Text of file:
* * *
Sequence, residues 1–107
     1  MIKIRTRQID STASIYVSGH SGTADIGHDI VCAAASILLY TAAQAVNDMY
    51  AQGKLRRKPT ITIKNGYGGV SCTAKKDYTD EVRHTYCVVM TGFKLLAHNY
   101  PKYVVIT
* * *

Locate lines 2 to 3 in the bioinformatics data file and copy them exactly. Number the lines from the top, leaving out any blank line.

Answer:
     1  MIKIRTRQID STASIYVSGH SGTADIGHDI VCAAASILLY TAAQAVNDMY
    51  AQGKLRRKPT ITIKNGYGGV SCTAKKDYTD EVRHTYCVVM TGFKLLAHNY